With another Sunday, we have another batch of letters to the editor. I received plenty of comments on my article about preaching the gospel to Mormons. Several of them were from practicing Mormons who, not surprisingly, strongly disagreed with what I said. Here are some of the other responses I received.
Comments on When the Mormons Come Calling
I have both Mormon and JW family members and have studied apologetics in that area for decades now. I appreciate that you try to reach them with the gospel and that you understand the JW’s are more likely to have a chip on their shoulder. I would say that with JW’s you must change your strategy. Trying to prove the trinity or divinity of Christ is a dead-end with the JW’s and it is the area they train for. Worst is that it doesn’t really get you to the gospel. Go for an area where they are less prepared and is essential to the gospel. They deny the resurrection of Christ from the dead. Push them to tell you their position that Jesus’ body was dissolved into gases and God recreated the archangel Michael again from His memories. Then get them to read through John 2:18-22. This outright contradicts their beliefs. Then go to the gospel definition in 1 Corinthians 15 and go through that slowly with lots of questions. Their rejection of Jesus’ resurrection is a rejection of a key and essential part of the gospel. Your time will be much more well spent there.—Greg H, Columbia, MO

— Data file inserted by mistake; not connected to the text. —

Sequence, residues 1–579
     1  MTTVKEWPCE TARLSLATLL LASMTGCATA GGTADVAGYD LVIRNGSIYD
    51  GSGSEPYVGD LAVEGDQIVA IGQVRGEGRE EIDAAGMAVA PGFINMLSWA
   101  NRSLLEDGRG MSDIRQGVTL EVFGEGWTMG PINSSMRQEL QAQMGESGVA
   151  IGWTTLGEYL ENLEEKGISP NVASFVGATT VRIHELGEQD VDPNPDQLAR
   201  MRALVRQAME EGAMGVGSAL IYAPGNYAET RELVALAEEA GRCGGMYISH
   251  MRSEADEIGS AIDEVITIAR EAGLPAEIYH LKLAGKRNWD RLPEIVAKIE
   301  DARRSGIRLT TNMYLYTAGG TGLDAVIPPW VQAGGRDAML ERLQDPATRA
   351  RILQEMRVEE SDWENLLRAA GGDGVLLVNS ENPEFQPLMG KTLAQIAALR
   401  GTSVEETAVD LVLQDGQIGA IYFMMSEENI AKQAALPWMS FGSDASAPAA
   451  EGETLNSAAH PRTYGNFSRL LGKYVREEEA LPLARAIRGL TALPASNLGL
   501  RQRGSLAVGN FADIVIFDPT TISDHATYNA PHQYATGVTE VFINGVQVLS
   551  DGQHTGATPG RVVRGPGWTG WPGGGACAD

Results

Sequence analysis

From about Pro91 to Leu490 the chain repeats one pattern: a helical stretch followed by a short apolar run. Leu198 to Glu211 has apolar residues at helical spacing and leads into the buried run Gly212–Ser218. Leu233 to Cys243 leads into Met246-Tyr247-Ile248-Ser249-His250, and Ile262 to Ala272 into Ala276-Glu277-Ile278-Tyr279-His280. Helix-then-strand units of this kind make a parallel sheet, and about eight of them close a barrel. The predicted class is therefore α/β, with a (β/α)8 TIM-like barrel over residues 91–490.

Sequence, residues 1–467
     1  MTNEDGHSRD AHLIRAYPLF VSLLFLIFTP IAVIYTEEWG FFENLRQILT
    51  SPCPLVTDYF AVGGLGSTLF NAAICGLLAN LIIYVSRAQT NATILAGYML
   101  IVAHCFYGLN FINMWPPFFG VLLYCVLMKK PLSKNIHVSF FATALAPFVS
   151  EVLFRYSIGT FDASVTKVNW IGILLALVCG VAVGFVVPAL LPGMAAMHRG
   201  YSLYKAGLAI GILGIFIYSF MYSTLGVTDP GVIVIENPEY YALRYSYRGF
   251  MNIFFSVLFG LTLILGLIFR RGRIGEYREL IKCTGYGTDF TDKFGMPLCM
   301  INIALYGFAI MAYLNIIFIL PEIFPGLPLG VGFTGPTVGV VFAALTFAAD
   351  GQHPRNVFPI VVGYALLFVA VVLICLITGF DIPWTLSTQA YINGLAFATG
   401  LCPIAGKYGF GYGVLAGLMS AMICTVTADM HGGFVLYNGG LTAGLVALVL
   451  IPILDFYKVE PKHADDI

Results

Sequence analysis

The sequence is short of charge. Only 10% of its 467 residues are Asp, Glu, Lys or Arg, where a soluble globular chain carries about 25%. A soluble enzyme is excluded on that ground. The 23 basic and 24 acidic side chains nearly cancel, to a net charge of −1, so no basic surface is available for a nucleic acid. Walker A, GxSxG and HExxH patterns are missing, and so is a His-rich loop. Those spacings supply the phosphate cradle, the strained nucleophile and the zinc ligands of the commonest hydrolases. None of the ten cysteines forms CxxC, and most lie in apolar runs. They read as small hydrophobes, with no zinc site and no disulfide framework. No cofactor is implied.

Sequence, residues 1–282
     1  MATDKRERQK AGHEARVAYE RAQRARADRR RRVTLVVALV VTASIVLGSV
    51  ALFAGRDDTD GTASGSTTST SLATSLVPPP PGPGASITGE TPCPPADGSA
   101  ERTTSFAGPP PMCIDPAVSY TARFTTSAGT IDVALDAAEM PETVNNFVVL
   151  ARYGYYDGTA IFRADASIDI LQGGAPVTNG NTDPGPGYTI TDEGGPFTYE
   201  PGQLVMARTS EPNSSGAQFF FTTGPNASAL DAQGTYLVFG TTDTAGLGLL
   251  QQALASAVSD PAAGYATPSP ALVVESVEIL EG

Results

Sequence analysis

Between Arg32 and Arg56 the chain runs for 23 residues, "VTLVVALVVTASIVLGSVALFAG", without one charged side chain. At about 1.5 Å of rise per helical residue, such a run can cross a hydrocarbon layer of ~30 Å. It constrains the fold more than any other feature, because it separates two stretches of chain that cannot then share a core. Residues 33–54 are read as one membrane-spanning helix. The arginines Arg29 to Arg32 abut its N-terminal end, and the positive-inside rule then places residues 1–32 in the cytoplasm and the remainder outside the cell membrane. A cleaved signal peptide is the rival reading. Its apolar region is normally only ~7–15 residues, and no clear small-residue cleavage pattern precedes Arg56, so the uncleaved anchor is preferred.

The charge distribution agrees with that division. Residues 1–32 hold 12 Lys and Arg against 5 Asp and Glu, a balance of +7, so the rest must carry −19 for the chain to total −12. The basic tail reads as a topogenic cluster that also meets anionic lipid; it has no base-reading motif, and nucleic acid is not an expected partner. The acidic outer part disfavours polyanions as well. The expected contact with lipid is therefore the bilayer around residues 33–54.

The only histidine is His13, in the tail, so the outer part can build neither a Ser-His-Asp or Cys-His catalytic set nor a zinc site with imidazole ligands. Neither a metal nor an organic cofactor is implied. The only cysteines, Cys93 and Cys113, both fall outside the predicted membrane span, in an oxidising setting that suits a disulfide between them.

Speaking as a former Mormon, I can tell you that it can be very difficult to get through the hard veneer of Mormon doctrine – especially since most of these young men have grown up in the Mormon faith and have been indoctrinated since birth with the false gospel of Mormonism. I’m sure you know that they do not hold a view of the Bible as inerrant and that their founder Joseph Smith re-translated many verses of the Bible to fit the doctrine they teach. They hold the Book of Mormon and Doctrine & Covenants in much higher esteem and authority than the true Word of God and, for this reason, it can be difficult to point them to errors in their doctrine using the Bible alone. This is why praying for the Holy Spirit to reveal the truth to them is so key. Also, it is important to know that terms we use and take for granted have very different meanings in the world of Mormonism (such as Jesus, salvation, & hell) so you can’t assume that you are all on the same page just because you are using the same terms.